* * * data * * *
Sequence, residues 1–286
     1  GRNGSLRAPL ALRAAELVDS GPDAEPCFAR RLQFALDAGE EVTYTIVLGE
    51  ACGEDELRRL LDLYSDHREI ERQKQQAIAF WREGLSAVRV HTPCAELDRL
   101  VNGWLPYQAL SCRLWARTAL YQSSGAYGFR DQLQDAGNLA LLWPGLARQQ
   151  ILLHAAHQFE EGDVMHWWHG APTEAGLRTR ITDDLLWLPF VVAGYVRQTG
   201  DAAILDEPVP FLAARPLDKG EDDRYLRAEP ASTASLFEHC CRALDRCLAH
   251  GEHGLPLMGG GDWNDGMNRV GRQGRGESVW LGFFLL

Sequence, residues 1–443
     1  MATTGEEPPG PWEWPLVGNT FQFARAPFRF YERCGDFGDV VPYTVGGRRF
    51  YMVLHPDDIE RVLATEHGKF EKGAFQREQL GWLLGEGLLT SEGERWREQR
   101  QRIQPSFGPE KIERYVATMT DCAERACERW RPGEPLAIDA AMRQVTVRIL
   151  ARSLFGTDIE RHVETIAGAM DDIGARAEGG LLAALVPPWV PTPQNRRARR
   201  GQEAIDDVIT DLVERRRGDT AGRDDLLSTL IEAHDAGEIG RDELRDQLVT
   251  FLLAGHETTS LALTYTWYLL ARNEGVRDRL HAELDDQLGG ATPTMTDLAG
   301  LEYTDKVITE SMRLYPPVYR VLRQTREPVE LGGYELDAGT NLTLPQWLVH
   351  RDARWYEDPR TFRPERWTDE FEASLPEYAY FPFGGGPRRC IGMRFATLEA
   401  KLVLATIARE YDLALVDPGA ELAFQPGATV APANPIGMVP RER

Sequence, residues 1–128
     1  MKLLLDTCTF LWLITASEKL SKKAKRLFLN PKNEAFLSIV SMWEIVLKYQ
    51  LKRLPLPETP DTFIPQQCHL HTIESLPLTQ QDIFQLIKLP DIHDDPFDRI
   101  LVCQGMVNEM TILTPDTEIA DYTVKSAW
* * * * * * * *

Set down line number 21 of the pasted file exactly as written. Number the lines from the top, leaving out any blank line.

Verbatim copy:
   101  LVCQGMVNEM TILTPDTEIA DYTVKSAW